Bose crams its excellent noise canceling tech into wireless earphones

For years, the noise cancellation prowess of the QuietComfort range of headphones from Bose has been at the top of the game. Now the audio gear maker has managed to miniaturize the tech and squeeze it inside a new pair of true wireless earphones.

Despite stiff competition from the likes of Sony and Sennheiser, Bose is still viewed by many as the industry leader in noise cancellation headphone technology, and it’s promising similar top notch isolation from the new QC Earbuds.

“We spent a lot of time making sure our new QuietComfort Earbuds were the most effective noise canceling in-ear headphones ever,” said the company’s wearable audio category director, Mehul Trivedi. “But they also sound incredible and are a pleasure to wear and use. That’s an unbeatable combination that puts them ahead of the industry and makes them every bit a QuietComfort.”

After some new tips create a tight seal at the ear canal, the earbuds employ multiple microphones to detect external noise before calling on a brand new algorithm to fire opposing signals through small transducers in a fraction of a millisecond. Bose then promises that “the buzz of nearby coffee grinders fade to a whisper, and the roar from engines and construction all but vanish.”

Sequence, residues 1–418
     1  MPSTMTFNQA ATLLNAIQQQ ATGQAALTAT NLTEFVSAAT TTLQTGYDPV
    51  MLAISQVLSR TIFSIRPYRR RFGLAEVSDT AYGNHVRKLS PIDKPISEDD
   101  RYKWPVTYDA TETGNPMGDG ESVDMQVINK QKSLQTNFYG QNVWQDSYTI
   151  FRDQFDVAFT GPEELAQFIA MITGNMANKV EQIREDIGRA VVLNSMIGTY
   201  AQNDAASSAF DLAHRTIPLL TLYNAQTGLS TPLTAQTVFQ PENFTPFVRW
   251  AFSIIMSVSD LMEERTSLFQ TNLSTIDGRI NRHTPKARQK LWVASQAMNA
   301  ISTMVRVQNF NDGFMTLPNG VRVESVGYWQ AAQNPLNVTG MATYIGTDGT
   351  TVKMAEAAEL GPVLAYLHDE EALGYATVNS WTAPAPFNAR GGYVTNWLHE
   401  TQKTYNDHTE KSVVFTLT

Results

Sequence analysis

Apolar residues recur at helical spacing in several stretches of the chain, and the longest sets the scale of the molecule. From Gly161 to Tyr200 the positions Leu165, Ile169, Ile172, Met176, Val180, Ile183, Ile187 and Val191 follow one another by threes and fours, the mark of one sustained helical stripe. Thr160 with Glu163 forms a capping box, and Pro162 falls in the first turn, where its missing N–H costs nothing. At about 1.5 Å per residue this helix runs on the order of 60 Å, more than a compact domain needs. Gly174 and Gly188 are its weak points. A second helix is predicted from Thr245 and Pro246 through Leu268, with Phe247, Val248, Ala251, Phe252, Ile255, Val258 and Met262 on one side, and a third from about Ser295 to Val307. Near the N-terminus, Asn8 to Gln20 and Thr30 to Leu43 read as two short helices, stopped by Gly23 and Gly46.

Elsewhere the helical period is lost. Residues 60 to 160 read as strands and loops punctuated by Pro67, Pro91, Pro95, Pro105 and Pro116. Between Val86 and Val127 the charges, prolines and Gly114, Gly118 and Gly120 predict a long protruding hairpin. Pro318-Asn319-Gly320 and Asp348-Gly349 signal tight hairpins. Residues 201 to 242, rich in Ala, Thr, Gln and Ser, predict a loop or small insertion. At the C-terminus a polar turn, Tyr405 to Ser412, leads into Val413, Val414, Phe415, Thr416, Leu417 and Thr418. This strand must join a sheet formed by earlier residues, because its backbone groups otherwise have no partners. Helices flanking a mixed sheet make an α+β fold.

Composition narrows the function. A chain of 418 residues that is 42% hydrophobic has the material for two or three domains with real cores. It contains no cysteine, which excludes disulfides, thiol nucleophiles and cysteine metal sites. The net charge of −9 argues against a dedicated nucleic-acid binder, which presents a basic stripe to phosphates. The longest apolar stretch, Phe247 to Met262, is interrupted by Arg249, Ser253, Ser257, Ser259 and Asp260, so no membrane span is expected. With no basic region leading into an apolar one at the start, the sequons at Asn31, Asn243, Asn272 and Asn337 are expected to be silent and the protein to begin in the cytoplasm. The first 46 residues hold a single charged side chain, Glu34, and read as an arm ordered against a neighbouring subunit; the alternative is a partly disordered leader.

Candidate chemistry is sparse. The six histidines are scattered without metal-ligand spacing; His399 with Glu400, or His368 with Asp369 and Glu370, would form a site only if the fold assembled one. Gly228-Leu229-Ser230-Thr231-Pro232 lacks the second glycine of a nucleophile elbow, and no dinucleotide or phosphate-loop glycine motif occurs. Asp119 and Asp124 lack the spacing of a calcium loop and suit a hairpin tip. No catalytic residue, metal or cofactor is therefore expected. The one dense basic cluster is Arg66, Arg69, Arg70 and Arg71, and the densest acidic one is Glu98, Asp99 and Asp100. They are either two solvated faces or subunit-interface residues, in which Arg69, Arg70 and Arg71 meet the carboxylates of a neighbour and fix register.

Sealing you off from the outside world completely can be dangerous in some instances, so Bose gives users 11 levels of control for allowing the outside world to leak through.

Bose offers 11 levels of noise cancellation, from fully active to transparency
Bose offers 11 levels of noise cancellation, from fully active to transparency


As for audio performance, there’s no artificial frequency boosting in play here, with the company instead opting for faithful reproduction, promising rich and strong bass at all volume levels and a complete lack of electronic hiss. When taking calls, clarity is also key and the setup will isolate the user’s voice from everything that’s going on around while also dampening gusts of wind as necessary.

The QC Earbuds connect wirelessly with a music source such as a smartphone over Bluetooth 5.1, with support for SBC and AAC codecs but no mention of aptX HD or LDAC, and listeners can expect up to six hours of playback time per charge, with the charging case offering another 12. The true wireless earphones are IPX4-resistant to sweat or water, there’s touch playback/call control, and each of the buds tips the scales at 0.3 oz (8.5 g).

They will be available from September 29 for US$279.95, which makes them more expensive than Apple’s AirPods Pro, Sony’s WF-1000XM3 and Samsung’s Galaxy Buds Live.

Product page: QC Earbuds

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